Virtual Reality (VR) technology promised to make it possible for designers to ‘see’ new cars, factories and houses before they had been even built. With new high-quality headsets and software, that vision is closer to coming true.
Most designs used to start with an idea, a pen and some paper.
Now, imagine conjuring 3D shapes out of thin air and sharing your life-like designs in real time with people half way around the world.
The whole process of designing a new product becomes faster, cheaper and more effective. VR is finally beginning to fulfil its potential for business.
“You can walk around your sketches so you can see how your lines work in a 3D environment, and move freely in a room,” explains Jan Pflueger, augmented and virtual reality co-ordinator for German car firm Audi.
In the past, the technology – hardware, software, connectivity – simply wasn’t up to the job.
“Designers didn’t like using headsets because the image resolution was too low,” says Mr Pflueger.
Not only were the images poor quality, the headsets were heavy and uncomfortable to wear.
But now that processing speeds have increased and optics tech has improved, we’re reaching the stage where VR is coming close to the limits of what the human eye can perceive.
For example, Audi is working with Finnish start-up Varjo, which has recently starting selling a high-end (€5,995; £5,170) headset boasting “human eye resolution” using a technique called “foveated rendering”.
It uses eye-tracking technology to tell which part of the image you’re focusing on, then concentrates its processing power on that section to render it in high definition.
So you perceive the highest quality without having to process the entire image in high definition for every frame, which would require huge computing resources.
“In the beginning, designers hadn’t been able to view their designs properly, but now they can walk around cars or other objects in life size,” explains Niko Eiden, Varjo chief executive.
And because the image quality is so good, car designers can experiment with different materials for seats, dashboards and so on without having to make expensive physical models, says Mr Pflueger.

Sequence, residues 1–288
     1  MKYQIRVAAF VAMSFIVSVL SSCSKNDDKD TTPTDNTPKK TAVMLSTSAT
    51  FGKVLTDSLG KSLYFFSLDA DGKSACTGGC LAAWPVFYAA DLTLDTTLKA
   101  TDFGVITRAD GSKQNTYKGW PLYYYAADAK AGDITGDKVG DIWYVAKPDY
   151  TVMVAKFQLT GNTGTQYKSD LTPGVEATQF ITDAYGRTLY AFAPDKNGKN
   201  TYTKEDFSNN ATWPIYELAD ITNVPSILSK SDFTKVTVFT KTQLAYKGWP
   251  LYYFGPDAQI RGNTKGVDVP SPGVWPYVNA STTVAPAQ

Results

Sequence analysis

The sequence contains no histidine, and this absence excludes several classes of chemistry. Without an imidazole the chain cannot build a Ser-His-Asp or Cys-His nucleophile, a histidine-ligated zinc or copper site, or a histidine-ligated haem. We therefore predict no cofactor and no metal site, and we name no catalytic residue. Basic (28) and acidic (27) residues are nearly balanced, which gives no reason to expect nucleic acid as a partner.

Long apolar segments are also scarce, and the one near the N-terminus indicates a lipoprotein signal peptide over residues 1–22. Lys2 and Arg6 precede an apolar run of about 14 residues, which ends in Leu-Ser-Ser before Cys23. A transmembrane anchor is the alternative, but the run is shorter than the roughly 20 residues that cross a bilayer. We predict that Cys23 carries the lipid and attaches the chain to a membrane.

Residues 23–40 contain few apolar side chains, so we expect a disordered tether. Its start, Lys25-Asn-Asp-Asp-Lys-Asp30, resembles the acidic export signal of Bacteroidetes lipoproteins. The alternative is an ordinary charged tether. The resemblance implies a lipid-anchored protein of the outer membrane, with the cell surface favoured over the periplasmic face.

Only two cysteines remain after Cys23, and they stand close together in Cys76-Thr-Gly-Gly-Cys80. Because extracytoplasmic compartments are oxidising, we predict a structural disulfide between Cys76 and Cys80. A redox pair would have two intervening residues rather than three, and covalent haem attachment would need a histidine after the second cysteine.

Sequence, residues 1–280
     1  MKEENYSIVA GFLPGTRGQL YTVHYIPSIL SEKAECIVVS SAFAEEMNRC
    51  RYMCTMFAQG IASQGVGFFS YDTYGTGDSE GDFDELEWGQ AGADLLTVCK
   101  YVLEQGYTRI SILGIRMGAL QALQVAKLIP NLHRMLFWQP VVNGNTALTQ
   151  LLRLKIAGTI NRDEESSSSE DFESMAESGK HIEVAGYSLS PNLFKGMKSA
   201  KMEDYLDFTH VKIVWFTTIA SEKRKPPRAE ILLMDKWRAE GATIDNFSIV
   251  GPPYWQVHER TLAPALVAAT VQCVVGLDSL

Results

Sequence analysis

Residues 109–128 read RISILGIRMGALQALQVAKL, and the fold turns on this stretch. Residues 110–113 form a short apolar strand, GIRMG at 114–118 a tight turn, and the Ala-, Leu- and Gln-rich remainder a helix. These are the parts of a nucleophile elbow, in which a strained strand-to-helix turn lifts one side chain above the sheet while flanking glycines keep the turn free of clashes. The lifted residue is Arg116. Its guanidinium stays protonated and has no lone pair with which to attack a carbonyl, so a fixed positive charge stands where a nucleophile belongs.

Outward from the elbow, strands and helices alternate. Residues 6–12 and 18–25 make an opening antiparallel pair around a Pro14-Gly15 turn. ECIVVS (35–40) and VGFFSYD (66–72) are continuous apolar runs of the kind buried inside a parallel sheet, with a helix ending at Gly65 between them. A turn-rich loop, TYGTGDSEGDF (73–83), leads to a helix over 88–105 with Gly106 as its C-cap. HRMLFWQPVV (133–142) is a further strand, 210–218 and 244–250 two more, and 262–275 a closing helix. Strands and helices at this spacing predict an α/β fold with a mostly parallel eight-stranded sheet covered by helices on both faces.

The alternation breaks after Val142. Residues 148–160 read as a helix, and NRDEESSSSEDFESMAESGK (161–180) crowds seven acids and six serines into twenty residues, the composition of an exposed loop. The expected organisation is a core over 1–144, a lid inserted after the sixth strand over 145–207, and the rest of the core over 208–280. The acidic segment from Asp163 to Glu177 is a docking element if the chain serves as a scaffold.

“This speeds up the design process because they can make decisions about how designs should be modified at a very early stage,” he adds.
Designing a car or aeroplane is a laborious process, involving hundreds of iterations, physical models, wind-tunnel testing – all of which takes time and a lot of money. High-quality VR is removing many of these steps and cutting costs as a result, says Mr Pflueger.
And it is newcomers like Varjo and Pimax that are challenging the established leaders, such as HTC and HP, in the high-end business VR headset market, says David Nahon, head of immersive VR at French software firm, Dassault Systemes.
Dassault specialises in software to create 3D VR images, along with companies such as Gravity Sketch and Masterpiece VR.
“When you see the images at life-size scale you have much more empathy with the end user of your design, because you’re in his or her shoes. You trigger different neurons,” says Mr Nahon.
And the fact that people can consult with clients and collaborate with other designers in these shared virtual spaces also improves the efficiency of the design process, he adds.
It also enables the creation of “digital twins” of industrial equipment, aero engines, even human organs, enabling specialists to diagnose issues more accurately in a life-life 3D environment, he says.
It can work for customers as well as designers. Homebuyers could look around yet-to-be-built apartments, for example, and choose the combination of colours, carpets, furniture and kitchens that they like. Similarly with car buyers in the showroom.
And being able to visualise and discuss the huge amounts of data we have now in 3D is helping researchers spot patterns and anomalies they never would have spotted before, argues Marty Resnick, VR specialist at research firm Gartner.
“This kind of immersive analytics is having a big impact in medical research and business,” he says. “It’s giving colleagues the ability to collaborate more effectively.”
But such high quality graphics require a lot of processing power, so most high-end headsets have to be “tethered” to a powerful computer. This is still restrictive if designers or customers want to walk around a big virtual boat, say.
A big breakthrough will be to offer near human-eye resolution VR without the need for any cables. And this is where high-speed 5G mobile connectivity could have a big impact. With streaming speeds 10 to 20 times faster than existing connections, the high-resolution images could be beamed to the headsets wirelessly.
“5G will eventually allow us to go tetherless,” says Varjo’s Mr Eiden.
Despite these recent VR advances, several industry observers think “mixed” or “augmented” reality – combining video of the real world with virtual reality images – will be the eventual technology of choice for most businesses.
This means you’ll be able to design in 3D but also see the real world around you if you want to. Firms such as Microsoft with its HoloLens, Magic Leap and Daqri are leaders in this space, with training and remote assistance seen as the most useful business applications.
“Ultimately, mixed reality is going to win, but we’re a long way from that,” says Mr Resnick. “Devices need to get lighter, cheaper, faster, better.”
Varjo plans to add “see-through” video capability to its VR headset in time, and boss Niko Eiden foresees a day when image quality will be so good “that you won’t be able to differentiate between the real and the virtual”.